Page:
Your MBA application essays give you the chance to distinguish yourself from the multitude of other business school applicants who also want a spot in your target program’s next incoming class. The essays allow you to show the admissions committee who you are. So, drawing on our experience of having read tens of thousands of MBA application essays, we want to help you avoid making any of these five common MBA essay mistakes.
1. Writing about Someone Else
Sometimes, applicants have difficulty knowing how to start their essays—particularly the Stanford Graduate School of Business’s “What matters most to you, and why?” and Harvard Business School’s “What more would you like us to know?” essays. Generally, we want to give our reader context for our stories, so candidates often begin by discussing their family history. Although that strategy can sometimes be effective, the key is to avoid having too much of your essay focused on someone else. If you want to give the admissions committee some background as to where your values come from, make sure that you keep the discussion of other people to a minimum and that you transition quickly back to yourself. You should always play the lead role in your application essays.
2. Starting with the Conclusion
At the beginning of your essay, always ensure that you truly start there—at the beginning—without rushing ahead to reveal the end of your story. So, when the Yale School of Management (SOM), for example, asks about the biggest commitment you have made in your life, you should not write something like “My biggest commitment was to my brother, whom I encouraged to return to college and helped get his first job, where he was just promoted.” You would give away the whole story, including the outcome, in your very first sentence! Nothing would be left to hold the reader’s attention for the rest of the essay. Instead, make sure that the opener for your essay simply opens. Consider this much more effective alternative: “When my brother dropped out of college, I knew we had only a short window of time in which to get him back on track.” This kind of opener makes the reader want to find out what happened next; they will feel compelled to continue reading.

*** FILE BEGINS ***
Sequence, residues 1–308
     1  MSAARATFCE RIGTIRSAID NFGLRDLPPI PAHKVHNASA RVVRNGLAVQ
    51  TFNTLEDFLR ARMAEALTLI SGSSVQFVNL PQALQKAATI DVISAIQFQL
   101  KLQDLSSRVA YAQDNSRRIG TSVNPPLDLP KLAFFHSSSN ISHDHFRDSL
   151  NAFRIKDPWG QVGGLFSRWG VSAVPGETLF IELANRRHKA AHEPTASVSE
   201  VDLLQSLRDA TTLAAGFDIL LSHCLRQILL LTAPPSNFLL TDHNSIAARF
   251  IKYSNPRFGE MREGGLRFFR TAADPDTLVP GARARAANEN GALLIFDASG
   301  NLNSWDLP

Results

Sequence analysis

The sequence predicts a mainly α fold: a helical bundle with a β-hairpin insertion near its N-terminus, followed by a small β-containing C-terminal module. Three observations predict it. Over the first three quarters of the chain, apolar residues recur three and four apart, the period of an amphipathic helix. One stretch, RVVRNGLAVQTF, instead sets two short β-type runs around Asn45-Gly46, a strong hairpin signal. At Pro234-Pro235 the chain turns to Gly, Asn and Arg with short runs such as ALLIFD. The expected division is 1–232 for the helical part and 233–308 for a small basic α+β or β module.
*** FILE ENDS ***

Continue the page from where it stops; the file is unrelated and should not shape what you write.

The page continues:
3. Telling Rather than Showing
In the first sample opening sentence we offered in the previous tip, not only does the writer immediately reveal the outcome of their story but they are also “telling” what they did, rather than “showing” their actions in the form of a narrative. If you provide the admissions reader with the details of your story in such a way that you lead them to reach the conclusion themselves, you do something much more important—you reveal your actions, your decision-making capability, and your authenticity! By directly telling the reader the conclusion and discussing it at length without context, you risk sounding arrogant, but showing the reader creates an engaging and effective essay. For more examples of how to do this, read this helpful blog post.
4. Pandering to the Admissions Committee
After providing what a school has asked for in its essay prompt, applicants often feel the urge to add some measure of flattery to their essay or to tie their answer directly to the school in some way. For example, in the aforementioned Yale SOM essay prompt, the school asks applicants to discuss their biggest commitment, but it does not ask them to explain how that commitment relates to Yale. Yet a candidate might feel compelled to end their essay by writing, “Like I committed to my brother, I will commit to my brilliant and talented classmates at Yale, where together, we will benefit from the school’s unparalleled curriculum.” The admissions officers do not need to be convinced of the caliber of their MBA program, and you certainly do not want them to feel you are fawning or just plain overdoing it. Trust in the strength of your candidacy, rather than pleading or relying on compliments. Of course, if an MBA program does ask some version of “Why our school?,” you will need to do your research and provide that information, but refrain from addressing the topic otherwise. For more on this topic, check out this blog post.
5. Not Answering the Question
This tip might sound obvious, but experience has shown us that it needs to be said: always answer the question the school is asking. Many applicants start out by doing so but then keep tweaking their essay and getting input from others until they end up somewhere completely different. Some candidates will even cut and paste an essay from another school, trying to fit a square peg into a round hole to save themselves the time and effort necessary to create a whole new essay—but this strategy does not work. When you believe you are truly done writing your essay, step back and read the school’s question again and take a moment to reflect. Did you tell the admissions committee what you wanted to say, or did you give them the information they asked for in the essay prompt? Make sure you have done the latter.
If you would like to discuss your application essays and school selection in more detail with an expert MBA admissions consultant, sign up today for a free 30-minute consultation!